Last week I attended the Big Data Analytics Conference on Data Quality at the Francis Crick Institute.
It was a great event in an amazing space. It covered a huge range of applications, ranging from looking at data to identify election fraud through to the use of Big Data in medicine, via the creation of apps to disrupt the financial services market. And I spoke about what Big Data could learn from official statistics.
It’s easy to have two cynical reactions to a Big Data event. First, that Big Data isn’t a thing at all, but just a buzz word designed to make not-very-new things sound new; and second, that the Government is miles behind everyone else.
I think these reactions miss the point. This event showed that Big Data is as much as a cross-domain community as it is a set of specific techniques. And it’s clear from the event that this community is vibrant, committed and growing. And as I tried to show in my slides, there’s lots to learn from how large data sets are used in Government – about the pitfalls of neglecting data quality and also the innovations that emerge when Government analysts link multiple datasets, as they have done in Department for Education recently to look at ordinary working families.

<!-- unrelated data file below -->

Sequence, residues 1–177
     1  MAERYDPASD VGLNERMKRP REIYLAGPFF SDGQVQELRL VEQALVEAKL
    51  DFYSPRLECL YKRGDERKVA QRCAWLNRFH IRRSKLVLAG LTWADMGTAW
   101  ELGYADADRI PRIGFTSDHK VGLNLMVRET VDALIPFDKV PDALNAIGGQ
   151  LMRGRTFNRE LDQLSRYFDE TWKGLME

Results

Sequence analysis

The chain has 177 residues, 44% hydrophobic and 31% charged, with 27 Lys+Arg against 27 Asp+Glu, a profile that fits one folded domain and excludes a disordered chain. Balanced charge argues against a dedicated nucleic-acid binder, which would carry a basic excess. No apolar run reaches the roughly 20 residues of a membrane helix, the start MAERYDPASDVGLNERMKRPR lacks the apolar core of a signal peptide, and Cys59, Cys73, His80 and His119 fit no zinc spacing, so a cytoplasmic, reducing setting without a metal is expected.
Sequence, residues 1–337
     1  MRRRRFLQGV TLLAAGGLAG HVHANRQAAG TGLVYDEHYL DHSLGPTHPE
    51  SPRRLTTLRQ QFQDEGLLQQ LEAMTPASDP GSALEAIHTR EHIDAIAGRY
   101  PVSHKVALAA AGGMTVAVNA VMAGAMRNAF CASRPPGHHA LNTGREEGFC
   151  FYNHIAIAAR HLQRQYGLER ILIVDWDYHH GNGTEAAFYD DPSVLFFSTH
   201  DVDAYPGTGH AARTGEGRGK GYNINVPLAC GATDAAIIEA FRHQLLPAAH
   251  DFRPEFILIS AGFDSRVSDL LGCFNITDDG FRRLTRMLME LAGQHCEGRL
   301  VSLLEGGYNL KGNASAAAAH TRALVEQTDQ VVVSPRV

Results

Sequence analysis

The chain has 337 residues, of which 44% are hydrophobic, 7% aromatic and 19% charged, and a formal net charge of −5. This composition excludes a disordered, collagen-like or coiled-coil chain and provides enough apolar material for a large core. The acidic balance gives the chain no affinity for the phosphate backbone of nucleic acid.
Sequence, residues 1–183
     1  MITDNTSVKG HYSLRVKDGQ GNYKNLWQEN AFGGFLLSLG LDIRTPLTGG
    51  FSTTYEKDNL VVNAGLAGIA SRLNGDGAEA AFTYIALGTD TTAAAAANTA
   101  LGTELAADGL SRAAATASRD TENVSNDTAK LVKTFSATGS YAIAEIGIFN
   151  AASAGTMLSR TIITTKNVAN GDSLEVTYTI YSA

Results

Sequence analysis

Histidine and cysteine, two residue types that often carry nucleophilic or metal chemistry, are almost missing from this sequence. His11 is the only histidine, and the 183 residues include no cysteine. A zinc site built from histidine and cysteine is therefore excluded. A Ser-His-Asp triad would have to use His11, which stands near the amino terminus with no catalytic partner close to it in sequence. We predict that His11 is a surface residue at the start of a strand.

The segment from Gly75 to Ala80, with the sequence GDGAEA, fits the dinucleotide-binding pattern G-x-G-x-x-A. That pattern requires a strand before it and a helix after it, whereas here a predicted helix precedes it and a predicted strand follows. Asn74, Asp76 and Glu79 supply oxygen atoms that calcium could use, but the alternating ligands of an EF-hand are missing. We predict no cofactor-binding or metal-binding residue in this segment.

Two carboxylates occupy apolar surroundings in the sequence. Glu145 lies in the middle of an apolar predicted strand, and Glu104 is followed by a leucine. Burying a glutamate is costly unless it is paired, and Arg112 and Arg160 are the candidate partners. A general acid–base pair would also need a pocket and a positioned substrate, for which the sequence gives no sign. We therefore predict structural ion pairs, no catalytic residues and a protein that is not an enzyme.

Here are my slides [Big Data Presentation]. They capture a simple message: that focusing on the eternal principles of trustworthiness, quality and value is still the starting point of all good work with data and all good presentation of statistics.
So thanks to the organisers and speakers – it was a great event.